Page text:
Her family had previously described Teresa as the kind of person who took in stray animals and stray people. She would befriend the friendless, even once bringing home a man — a complete stranger — to her mother’s home to feed him because he was hungry.
But this man, she told her sisters, gave her the creeps.
Oct. 27, 1986
It was a rainy Monday in Lakeland on Oct. 27, 1986. A month earlier, Teresa had earned her white cap as a registered nurse, an achievement for which she had worked hard and was extremely proud. She had climbed her way up at the hospital, starting at 18-years-old as a nursing assistant. At 21 or 22, she was a phlebotomist, drawing blood. She went to respiratory school, then nursing school. She had even convinced her sister, Pam Shade, to go to nursing school after she left the military.
“She used to cry when she had to stick babies for blood and she cried when the teenagers came in after car wrecks,” Shade, 61, said Monday. “She liked working in ICU because she provided comfort to those suffering, to their families.”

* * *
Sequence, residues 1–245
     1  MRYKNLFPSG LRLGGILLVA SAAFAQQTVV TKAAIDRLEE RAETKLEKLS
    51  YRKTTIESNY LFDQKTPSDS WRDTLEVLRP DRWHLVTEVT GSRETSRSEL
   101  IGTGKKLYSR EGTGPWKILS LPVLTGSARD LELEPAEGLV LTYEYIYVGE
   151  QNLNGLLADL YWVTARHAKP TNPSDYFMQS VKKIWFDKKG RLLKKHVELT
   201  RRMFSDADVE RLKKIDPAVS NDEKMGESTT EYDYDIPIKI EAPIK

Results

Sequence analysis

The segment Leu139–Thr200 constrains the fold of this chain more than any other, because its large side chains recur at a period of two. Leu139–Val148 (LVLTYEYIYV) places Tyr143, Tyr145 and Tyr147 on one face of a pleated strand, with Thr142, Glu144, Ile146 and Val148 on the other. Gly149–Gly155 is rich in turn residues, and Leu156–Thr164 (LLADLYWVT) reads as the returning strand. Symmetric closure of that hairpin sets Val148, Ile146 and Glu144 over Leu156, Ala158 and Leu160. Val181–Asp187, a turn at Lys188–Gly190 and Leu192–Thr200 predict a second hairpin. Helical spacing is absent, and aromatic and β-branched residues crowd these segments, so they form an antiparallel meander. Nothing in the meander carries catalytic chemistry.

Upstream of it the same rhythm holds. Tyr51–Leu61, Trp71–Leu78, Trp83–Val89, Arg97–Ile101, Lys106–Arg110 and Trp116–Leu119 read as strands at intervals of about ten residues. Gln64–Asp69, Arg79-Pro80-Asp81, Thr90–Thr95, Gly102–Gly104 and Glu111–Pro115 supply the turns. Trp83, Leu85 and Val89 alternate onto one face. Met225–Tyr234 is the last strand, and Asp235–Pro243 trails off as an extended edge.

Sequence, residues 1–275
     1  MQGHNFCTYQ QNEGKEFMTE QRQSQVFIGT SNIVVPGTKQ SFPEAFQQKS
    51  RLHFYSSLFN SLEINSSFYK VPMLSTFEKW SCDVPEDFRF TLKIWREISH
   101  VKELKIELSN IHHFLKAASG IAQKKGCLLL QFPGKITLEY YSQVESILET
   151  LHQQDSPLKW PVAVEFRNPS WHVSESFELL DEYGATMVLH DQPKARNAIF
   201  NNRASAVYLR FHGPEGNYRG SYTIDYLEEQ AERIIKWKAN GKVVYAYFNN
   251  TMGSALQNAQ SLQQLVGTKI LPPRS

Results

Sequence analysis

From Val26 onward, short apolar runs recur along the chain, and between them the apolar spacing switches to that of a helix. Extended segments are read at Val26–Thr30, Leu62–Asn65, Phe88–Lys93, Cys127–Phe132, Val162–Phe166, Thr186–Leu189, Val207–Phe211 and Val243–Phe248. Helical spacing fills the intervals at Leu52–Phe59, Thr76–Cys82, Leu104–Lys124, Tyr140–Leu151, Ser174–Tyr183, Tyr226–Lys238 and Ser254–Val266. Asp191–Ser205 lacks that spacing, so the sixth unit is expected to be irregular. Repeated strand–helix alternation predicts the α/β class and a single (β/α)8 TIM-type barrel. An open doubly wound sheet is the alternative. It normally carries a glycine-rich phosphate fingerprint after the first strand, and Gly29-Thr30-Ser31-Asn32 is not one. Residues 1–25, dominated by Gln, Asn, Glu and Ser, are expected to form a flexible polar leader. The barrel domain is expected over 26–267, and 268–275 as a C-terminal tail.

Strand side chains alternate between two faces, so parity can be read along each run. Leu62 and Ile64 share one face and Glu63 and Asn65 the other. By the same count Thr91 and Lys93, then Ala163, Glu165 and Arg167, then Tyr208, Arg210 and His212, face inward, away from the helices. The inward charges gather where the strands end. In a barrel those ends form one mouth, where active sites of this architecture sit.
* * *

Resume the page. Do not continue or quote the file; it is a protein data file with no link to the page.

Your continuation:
That morning, she went to breakfast with several nursing coworkers after they got off work. At breakfast, her mother said, she spilled tea on herself. And so when she got home at about 11 a.m., she took off her nursing uniform and changed into a long housecoat. At about 2:30 that afternoon, she called her mother and asked her to pick her up 8-year-old son, Craig, from school. It wasn’t unusual for her to sleep in the afternoons before her 7 p.m. to 7 a.m. shift started. It was the last time her mother would speak to her daughter.
Detectives had to piece together what happened after that.
Her mother, Betty Scalf, said Teresa would have never opened the door to a stranger wearing that housecoat and she always used the latch on her door. She speculated that Donald Douglas was probably waiting inside the duplex for his moment to strike.
“Whenever he got in, he got in … probably through the glass sliding doors in the back,” said her mother, now 84-years-old. “But he was inside that house waiting for her when she got home — that much I know.”
Judd said Douglas attacked Teresa in her living room, repeatedly stabbing her and cutting her throat, nearly decapitating the petite dirty blonde. Judd said she had defensive wounds on her hands, showing she tried to protect herself from the barrage. He said there was no forensic evidence to indicate a sexual assault.